‘Real concerns’ over investigation into patient safety and bullying culture at NHS Trust

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A review into claims of bullying and a culture of poor leadership at an NHS trust has been criticised as lacking “completeness and transparency” by a health watchdog.

The Parliamentary Health Service Ombudsman (PHSO) said it had “real concerns” over reviews of patient safety, culture and leadership at the University Hospitals Birmingham NHS Foundation Trust (UHB), claiming the process was not “evidence-based”.

The PHSO said it had received 501 complaints about the trust since January 2021 and found evidence of avoidable patient death, but had not been invited to contribute to the reviews of UHB carried out by the Birmingham and Solihull Integrated Care Board (ICB) and NHS England.

Those reviews were initiated after concerns were raised by current and former staff members who said the trust was “mafia-like” and that some had been threatened for raising concerns for patient safety, according to the BBC.

The trust has previously denied allegations of poor patient safety and bullying and said that it was “committed” to working with the PHSO and families affected, while the chief executive of the Birmingham and Solihull ICB has since told local councillors that no patient safety issues were found.

On Tuesday, the PHSO said its investigation into UHB uncovered “a number of serious concerns” around culture and leadership, including a “defensiveness” when discussing patient safety and a “failure to fully accept or acknowledge” findings, including incidents of avoidable death.

Rob Behrens, Parliamentary and Health Service Ombudsman, said: “Our decision to trigger the Protocol was not taken lightly, but we had significant concerns about the Trust.

“It’s vitally important that the NHS learns from its mistakes. To do that, there needs to be a culture of openness, not defensiveness.

“We need to see significant improvements in culture and leadership and how the Trust engages with our investigations.”

The BBC said on Tuesday that David Melbourne, the chief executive of Birmingham and Solihull ICB, had previously told local councillors that their patient safety review had “not identified any red flags”, something Mr Behrens said the PHSO’s evidence disagreed with.

The PHSO understood that it would be able to participate in the reviews relating to leadership and culture, but has since been told that it will not be able to do so.

Mr Behrens said: “I’m extremely disappointed that NHS England denied us the opportunity to contribute to its review.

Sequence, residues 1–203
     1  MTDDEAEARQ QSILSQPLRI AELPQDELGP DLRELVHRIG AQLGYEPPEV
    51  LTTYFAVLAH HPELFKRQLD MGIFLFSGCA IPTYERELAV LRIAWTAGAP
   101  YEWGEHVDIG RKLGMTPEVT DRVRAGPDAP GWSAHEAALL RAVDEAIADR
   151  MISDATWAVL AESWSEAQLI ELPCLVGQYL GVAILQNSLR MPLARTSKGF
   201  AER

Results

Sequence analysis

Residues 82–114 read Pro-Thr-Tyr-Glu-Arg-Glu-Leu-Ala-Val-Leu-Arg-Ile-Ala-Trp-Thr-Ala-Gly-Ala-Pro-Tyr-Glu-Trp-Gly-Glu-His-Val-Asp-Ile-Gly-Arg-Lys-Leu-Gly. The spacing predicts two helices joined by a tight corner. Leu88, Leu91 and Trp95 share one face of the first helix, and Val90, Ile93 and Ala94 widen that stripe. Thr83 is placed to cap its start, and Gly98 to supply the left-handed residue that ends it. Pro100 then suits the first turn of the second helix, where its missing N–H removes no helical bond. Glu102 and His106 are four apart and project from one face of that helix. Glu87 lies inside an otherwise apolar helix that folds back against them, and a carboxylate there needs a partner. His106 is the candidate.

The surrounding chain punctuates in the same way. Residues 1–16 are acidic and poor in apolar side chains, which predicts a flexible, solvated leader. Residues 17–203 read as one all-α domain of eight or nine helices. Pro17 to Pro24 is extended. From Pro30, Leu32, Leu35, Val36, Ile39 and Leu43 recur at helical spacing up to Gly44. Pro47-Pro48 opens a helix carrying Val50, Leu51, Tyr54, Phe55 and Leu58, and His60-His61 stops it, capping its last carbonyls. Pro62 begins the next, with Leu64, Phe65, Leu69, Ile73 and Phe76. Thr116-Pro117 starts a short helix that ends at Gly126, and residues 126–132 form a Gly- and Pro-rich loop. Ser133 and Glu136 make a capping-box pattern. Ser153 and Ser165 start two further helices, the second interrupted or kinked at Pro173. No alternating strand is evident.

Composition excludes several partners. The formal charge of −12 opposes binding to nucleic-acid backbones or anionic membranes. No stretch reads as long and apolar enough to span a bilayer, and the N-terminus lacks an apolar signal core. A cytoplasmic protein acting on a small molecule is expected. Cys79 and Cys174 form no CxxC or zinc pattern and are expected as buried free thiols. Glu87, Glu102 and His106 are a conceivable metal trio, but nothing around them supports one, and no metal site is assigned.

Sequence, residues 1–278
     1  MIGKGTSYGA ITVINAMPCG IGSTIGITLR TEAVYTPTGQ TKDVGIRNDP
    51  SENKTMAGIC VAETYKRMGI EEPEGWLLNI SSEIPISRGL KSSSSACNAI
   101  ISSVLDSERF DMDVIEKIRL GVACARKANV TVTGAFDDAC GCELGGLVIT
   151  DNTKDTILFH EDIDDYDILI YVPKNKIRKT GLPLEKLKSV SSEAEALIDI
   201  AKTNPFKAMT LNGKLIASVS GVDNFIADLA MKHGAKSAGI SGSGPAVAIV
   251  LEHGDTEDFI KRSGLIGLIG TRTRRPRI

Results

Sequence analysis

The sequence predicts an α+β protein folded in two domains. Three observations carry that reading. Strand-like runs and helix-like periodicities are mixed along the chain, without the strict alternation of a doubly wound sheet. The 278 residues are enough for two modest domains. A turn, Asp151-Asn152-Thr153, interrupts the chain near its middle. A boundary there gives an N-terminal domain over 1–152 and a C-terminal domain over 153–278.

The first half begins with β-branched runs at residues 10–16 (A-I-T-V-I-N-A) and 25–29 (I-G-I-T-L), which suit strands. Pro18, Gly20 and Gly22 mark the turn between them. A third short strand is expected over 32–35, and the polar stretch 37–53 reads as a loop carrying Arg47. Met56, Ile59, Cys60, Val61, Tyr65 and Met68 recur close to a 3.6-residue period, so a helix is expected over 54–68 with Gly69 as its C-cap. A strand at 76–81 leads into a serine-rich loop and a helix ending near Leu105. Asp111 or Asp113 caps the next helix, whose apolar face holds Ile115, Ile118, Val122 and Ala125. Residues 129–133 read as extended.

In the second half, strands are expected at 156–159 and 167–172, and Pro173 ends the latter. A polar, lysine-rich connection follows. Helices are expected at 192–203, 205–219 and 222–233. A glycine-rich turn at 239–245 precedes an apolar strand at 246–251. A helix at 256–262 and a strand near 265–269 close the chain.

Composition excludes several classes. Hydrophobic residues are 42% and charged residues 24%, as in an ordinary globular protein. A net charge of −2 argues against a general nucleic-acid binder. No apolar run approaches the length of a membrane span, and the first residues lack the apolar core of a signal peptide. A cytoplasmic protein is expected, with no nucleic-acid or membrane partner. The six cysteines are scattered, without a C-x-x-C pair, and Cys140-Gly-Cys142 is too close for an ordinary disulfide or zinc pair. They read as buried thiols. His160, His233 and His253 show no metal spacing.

“It’s hard to see how the review can be evidence-based if it doesn’t consider all the evidence. It raises real concerns around the completeness and transparency of these reviews.

“We all share the same goal in wanting to see improvements at UHB so that people living in the West Midlands and using its services can access the best possible care with confidence.

“Working together and feeding our evidence and expertise into those reviews is by far the best way to achieve that goal.”

A spokesperson for NHS England in the Midlands said: “The reviews into University Hospitals Birmingham Trust have been commissioned to rigorously scrutinise leadership and culture in the organisation to ensure they are providing safe care for patients, as well as providing transparent information on any areas where support and challenge are needed at the Trust.

“We welcome the offer of support from the Ombudsman’s office, who we have recently met, and are continuing to work with them to use their expertise where it can offer the most value as part of the planned cultural review.”

A spokesperson for NHS Birmingham and Solihull said: “We have not heard from the Ombudsman on this matter but would welcome a conversation and are keen to provide assurance on the processes we are following.

“The review is and will continue to be, independent and we have published regular updates at our Board and at local scrutiny groups.

“The cross-party reference group is an additional commitment to ensuring independence.”

A critical letter has also been sent to the UHB’s interim Chief Executive expressing “disquiet” over the trust’s earlier responses to patient safety concerns.

The trust appointed a new chief executive last August, after the Emerging Concerns Protocol was enacted by the PHSO.

A spokesperson for the trust said: “The chief executive has responded to the PHSO’s letter, to provide reassurance that their concerns have been taken seriously and we have been working to arrange further meetings to agree how our organisations can work better together in the interests of our patients and staff.

“We are committed to working with the PHSO, to ensure that all families have a clear understanding of any issues relating to their loved one’s care.”

The publication of the review into patient safety, due last week, has been delayed, with no date provided as to when it will be published.

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